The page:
Artists voiced their disaffection somewhat stridently this year, with a months-long National Arts Council (NAC) sit-in coming to symbolise the extent to which artists have suffered without resources.
The action seemed to have made a mark: in November this year, the minister finally had to reveal the findings of the Mazars independent forensic report on how the NAC council members had, indeed, taken liberties in disbursing more than R640-million of the stimulus-package funding, which was allocated to more than 60 000 beneficiaries.
The report found process irregularities, financial mismanagement and lack of adequate oversight. Although some new council members were cleared, some former council members were found to have benefited unfairly. The widespread perception in the sector is that the minister tacitly enables this — and, historically, other manifestations of pilfering the sector — to maintain a network of patronage.
In internal reports, the department talks up its achievements in technocratic fashion: spending most of its budget; meeting its sports and heritage promotion targets. But the perception that it remains insular and out of ideas persists.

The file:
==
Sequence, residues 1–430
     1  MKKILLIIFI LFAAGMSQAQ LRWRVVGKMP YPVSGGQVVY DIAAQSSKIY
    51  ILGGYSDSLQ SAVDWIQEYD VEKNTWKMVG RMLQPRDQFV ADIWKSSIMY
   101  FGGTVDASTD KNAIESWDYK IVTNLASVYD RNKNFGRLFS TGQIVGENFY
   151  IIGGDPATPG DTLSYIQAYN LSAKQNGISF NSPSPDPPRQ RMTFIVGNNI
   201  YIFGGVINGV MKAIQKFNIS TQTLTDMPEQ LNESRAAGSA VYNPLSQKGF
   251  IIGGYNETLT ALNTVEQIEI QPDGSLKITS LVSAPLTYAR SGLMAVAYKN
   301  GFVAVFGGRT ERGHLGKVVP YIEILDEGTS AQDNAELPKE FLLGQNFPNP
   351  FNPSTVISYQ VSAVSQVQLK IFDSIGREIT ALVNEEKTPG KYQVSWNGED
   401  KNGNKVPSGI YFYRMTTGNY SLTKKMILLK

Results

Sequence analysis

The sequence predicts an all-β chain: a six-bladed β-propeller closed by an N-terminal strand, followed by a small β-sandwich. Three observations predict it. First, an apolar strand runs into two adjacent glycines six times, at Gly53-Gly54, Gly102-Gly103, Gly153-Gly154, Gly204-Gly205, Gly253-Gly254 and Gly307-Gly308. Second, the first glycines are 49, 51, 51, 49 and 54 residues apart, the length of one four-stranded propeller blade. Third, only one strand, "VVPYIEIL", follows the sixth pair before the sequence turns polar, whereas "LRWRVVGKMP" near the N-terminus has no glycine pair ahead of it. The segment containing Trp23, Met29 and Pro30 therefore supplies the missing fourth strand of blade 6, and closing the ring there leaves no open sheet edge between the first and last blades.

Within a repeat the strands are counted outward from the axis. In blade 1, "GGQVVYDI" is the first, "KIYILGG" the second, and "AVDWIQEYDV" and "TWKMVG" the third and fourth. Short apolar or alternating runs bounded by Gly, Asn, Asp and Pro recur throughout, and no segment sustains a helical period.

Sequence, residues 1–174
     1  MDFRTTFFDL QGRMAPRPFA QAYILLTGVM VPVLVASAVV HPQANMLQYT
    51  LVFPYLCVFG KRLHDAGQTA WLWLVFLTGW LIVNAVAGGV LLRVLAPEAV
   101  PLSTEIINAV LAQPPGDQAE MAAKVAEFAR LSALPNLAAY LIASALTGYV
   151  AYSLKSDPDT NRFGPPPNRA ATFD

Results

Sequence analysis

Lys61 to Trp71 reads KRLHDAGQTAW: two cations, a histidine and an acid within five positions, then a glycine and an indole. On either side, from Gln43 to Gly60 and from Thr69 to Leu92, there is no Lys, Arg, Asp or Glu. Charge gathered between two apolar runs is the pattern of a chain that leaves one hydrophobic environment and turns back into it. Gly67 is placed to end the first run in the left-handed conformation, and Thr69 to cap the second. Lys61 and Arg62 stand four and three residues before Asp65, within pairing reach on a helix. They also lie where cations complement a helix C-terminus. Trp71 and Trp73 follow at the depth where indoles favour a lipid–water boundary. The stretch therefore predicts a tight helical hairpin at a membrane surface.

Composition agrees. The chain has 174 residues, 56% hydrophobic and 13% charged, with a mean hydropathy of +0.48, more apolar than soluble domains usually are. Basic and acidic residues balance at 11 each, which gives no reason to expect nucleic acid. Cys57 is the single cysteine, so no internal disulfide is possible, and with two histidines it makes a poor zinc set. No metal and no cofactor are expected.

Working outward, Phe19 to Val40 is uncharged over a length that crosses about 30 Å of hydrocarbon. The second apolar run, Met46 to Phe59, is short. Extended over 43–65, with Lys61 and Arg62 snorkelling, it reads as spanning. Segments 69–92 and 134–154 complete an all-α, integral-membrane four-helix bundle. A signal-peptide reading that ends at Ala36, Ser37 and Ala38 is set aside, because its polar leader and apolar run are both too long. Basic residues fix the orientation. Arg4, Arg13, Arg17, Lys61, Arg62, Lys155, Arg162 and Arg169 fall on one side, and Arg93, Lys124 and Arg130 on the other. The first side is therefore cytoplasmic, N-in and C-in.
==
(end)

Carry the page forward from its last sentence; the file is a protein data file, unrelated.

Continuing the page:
Although heritage promotion is laudable, at least, there hasn’t been much to convince stakeholders in the sector that the department is up to speed with the possibilities and imperatives thrown up by Covid-19 pandemic.
|Take a bow. You are doing an excellent job.|
|Good, but room for improvement.|
|Get your act together.|
|Do yourself and the country a favour - resign.|
Current & Previous Grades
Selected Class of 2021